Onglets principaux

ABULAFIA David - Maritime History: the Mediterranean and Other Seas (20h)

How does on write the history of a sea?  This is a space on which – setting aside for the moment islands – there are no permanent residents living in a fixed place.  The sea is a place of constant movement, not just the physical movement of the water but the human movement of those crossing its surface.  Reconstructing the experiences of those who crossed the sea takes one to the problem of people’s motives in so doing.  The merchant, the migrant, the missionary, the mercenary – these are all categories of sea-goer that one finds within both the Mediterranean world and on the oceans beyond.

Here, a very long time-frame will be adopted, to show how maritime trade in particular has transformed the shores of the Mediterranean and the hinterlands of the three continents that meet on its shores.  The theme in studying the Mediterranean is at what stage the sea became an integrated trading zone and what breaks in continuity can be identified, such as the calamity following the collapse of the Roman Empire in the West.

What was the cultural impact of this trade?  Thanks to archaeological research and the discovery of increasing amounts of archival material it is possible to see what goods crossed the sea and who handled them.  It is possible to talk about long-distance artistic and literary influences.   It I also possible to trace the spread of religious ideas around the Mediterranean, with the diffusion of Judaism, Christianity and Islam, the three Abrahamic religions, around its shores.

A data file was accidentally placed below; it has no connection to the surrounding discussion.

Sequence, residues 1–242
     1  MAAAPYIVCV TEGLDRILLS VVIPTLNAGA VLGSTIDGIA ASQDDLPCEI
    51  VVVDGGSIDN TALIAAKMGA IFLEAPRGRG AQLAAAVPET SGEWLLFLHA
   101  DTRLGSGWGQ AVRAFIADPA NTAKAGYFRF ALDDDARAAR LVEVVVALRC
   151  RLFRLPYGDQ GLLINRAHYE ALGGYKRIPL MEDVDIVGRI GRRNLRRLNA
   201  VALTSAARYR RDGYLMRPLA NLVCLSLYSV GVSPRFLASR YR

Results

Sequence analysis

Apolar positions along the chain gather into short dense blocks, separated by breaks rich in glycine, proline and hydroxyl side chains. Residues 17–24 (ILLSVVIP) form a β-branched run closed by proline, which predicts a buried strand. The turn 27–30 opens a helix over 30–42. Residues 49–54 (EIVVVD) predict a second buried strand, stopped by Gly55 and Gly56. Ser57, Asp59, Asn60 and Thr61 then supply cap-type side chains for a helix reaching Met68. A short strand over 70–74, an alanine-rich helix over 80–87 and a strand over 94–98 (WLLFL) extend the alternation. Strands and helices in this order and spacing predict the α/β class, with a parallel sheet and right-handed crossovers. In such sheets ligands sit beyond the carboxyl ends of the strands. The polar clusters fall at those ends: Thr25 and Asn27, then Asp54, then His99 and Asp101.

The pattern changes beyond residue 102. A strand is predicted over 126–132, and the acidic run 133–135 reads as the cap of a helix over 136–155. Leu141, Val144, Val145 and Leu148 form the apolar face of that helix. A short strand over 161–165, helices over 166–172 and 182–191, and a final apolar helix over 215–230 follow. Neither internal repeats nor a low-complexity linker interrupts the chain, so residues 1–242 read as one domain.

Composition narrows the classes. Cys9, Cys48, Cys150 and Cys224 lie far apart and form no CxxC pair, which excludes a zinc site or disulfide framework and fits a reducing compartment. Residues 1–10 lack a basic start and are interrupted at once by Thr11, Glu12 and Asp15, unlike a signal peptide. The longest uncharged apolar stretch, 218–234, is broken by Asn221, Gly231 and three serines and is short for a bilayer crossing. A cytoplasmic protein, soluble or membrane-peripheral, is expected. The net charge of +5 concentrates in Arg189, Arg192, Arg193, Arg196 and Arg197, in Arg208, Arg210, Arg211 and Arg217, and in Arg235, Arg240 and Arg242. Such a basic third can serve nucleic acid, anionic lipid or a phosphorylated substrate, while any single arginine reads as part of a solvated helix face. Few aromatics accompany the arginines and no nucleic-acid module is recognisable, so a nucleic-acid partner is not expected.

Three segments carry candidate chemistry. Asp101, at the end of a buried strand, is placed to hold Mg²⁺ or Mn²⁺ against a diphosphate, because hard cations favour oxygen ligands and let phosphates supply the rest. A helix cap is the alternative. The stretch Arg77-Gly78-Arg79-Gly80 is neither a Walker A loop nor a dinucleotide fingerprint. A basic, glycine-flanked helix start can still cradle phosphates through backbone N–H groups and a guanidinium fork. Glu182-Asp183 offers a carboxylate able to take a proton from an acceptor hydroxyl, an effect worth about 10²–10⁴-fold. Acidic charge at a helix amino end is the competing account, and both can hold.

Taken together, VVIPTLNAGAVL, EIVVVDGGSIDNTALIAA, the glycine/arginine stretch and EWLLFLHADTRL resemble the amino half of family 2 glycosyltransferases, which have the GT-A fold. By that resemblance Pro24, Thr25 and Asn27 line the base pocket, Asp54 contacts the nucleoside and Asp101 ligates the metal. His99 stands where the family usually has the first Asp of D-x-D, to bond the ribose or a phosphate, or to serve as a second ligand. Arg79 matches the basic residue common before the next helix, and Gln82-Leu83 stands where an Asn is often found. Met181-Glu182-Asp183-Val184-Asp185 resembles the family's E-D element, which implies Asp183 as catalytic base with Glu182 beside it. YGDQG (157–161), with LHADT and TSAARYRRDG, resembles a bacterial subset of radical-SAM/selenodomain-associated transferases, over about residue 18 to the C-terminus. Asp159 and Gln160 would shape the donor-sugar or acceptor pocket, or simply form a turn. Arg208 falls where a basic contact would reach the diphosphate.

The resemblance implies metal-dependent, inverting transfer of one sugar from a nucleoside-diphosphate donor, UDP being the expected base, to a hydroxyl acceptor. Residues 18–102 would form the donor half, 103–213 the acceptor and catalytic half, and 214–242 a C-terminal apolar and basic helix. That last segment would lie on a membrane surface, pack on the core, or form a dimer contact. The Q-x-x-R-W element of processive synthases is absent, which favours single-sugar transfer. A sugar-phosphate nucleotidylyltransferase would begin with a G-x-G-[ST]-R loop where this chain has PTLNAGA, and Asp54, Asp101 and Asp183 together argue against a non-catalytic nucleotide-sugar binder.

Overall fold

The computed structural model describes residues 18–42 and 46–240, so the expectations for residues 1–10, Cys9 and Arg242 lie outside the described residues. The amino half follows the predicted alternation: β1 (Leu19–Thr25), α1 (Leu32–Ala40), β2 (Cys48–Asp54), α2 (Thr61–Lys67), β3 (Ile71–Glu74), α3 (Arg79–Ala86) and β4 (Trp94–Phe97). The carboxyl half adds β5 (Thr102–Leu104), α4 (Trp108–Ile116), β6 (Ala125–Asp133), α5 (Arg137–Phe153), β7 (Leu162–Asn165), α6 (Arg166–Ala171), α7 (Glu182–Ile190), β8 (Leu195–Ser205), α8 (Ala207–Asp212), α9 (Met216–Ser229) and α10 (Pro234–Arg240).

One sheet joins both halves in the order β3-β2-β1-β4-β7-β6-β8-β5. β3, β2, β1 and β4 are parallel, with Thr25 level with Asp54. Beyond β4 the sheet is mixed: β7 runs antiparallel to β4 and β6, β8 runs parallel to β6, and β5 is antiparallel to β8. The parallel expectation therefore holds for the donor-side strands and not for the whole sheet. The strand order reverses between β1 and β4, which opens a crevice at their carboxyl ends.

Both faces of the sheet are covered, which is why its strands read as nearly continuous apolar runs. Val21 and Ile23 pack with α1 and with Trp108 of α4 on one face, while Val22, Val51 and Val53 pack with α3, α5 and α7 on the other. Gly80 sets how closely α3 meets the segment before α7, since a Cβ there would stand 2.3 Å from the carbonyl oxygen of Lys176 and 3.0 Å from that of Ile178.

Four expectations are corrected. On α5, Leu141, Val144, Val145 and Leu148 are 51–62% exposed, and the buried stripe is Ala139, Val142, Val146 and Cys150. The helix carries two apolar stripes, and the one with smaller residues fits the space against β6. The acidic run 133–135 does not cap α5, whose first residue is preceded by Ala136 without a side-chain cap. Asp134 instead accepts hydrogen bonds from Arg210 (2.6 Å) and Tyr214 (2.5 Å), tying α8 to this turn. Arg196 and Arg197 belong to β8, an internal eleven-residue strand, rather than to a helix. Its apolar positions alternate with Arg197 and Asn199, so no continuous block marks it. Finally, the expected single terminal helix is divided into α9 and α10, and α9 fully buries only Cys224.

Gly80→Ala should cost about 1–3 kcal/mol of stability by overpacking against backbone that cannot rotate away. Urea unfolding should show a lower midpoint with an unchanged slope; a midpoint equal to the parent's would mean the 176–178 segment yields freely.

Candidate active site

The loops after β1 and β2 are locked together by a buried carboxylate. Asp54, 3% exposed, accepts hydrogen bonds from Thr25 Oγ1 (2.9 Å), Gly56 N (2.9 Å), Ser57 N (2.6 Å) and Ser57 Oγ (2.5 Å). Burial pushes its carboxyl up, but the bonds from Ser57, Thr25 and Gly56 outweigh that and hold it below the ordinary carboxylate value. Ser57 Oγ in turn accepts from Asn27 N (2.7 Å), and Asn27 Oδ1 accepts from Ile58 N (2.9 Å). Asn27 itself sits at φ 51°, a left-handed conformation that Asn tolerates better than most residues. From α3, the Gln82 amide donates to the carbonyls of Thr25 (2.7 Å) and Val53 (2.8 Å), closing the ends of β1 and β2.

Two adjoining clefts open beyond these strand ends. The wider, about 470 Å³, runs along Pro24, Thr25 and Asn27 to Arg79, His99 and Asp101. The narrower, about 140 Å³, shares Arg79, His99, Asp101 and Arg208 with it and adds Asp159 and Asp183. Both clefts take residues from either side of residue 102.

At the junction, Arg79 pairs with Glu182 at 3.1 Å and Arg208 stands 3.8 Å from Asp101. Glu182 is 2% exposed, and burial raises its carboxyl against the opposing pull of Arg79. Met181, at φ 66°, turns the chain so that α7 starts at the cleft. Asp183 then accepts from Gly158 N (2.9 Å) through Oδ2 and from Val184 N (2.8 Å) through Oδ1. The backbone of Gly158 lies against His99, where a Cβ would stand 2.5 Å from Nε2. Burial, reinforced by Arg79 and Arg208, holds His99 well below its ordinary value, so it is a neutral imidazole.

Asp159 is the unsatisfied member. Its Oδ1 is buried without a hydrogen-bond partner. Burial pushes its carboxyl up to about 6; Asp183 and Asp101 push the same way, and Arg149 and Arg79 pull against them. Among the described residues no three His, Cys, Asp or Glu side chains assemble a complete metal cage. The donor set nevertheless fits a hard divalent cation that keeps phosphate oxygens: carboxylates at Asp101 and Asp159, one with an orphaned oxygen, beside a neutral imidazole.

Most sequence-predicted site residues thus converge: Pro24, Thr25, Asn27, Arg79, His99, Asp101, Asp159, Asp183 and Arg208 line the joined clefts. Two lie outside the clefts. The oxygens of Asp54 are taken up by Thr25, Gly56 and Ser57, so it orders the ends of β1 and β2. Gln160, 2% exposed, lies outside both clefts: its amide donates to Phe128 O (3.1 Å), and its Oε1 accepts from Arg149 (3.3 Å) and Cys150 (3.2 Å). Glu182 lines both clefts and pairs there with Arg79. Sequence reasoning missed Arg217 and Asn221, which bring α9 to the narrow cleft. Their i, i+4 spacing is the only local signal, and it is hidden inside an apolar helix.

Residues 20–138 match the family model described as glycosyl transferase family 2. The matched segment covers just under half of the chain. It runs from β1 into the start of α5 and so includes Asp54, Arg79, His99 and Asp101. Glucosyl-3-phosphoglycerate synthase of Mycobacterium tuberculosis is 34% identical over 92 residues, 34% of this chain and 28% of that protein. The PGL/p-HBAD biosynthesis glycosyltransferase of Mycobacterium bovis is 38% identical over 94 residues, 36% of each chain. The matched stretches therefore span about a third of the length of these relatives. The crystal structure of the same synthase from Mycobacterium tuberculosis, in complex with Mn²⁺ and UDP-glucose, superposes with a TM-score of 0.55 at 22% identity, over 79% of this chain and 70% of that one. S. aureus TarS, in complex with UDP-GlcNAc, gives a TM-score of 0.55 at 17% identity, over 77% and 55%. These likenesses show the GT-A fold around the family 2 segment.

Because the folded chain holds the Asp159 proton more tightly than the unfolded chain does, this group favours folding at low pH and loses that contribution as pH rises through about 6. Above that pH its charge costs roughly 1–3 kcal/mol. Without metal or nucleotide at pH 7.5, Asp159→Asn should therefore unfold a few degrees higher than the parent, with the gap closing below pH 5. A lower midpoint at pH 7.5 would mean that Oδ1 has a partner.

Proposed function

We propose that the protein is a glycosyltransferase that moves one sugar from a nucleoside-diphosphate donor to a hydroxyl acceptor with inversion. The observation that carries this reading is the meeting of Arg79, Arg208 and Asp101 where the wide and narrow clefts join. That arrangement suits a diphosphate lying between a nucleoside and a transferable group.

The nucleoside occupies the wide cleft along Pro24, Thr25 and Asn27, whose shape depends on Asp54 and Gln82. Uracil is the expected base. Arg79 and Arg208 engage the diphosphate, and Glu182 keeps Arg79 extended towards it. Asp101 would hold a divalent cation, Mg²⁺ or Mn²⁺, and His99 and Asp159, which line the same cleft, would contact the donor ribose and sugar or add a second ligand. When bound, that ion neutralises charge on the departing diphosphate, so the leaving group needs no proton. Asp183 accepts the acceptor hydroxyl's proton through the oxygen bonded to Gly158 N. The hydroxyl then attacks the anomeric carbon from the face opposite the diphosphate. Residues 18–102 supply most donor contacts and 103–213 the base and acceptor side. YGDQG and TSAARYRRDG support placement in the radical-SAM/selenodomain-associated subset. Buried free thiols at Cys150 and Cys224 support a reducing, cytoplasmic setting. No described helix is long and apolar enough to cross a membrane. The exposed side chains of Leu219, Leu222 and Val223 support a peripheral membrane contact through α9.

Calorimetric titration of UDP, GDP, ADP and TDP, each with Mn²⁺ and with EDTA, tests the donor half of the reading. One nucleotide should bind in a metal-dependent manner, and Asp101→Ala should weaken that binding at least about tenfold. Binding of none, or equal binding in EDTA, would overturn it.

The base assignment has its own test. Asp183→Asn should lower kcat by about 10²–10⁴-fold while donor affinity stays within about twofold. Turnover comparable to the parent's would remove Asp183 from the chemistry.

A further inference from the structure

This trade was not just in objects; it was also, sadly, in human beings. Maritime history embraces the history of the slave trade, which was also, probably, the main way in which women travelled across the Mediterranean, since trading activities were generally conducted by men, and men crewed the ships as well.

Having looked at the Mediterranean, it is worth asking whether similar examples of cross-cultural contact effected through intense trading networks can be found elsewhere in the world, in what some historians have called other Mediterraneans, such as the Baltic/North Sea complex, the South China Sea, the Caribbean, etc.  With the vast expansion of Atlantic, Indian Ocean and Pacific history, the question arises whether writing the history of the oceans before and after Columbus and Vasco da Gama is a different sort of task – not just in scale but in methodology.  The relevance of this to European studies is not in doubt, as a central question is the way European nations remodeled the trade of the entire globe after 1500, a question that also bears heavily on the problem of the origins of globalization.

Whether dealing with the Mediterranean or other seas, the role of islands needs to be considered.  Sometime rather small places such as Majorca, Cyprus or, in the oceanic world, the Cape Verde Islands or Cuba, became important emporia linking opposing shores.  Similar questions arise about the port cities around the shores of the Mediterranean and other seas, which often became home to many ethnic and religious groups – how harmonious was their existence?  What sort of influence did one group have on another? These are the types of question that need to be asked.// ECTS Card

Professor: David ABULAFIA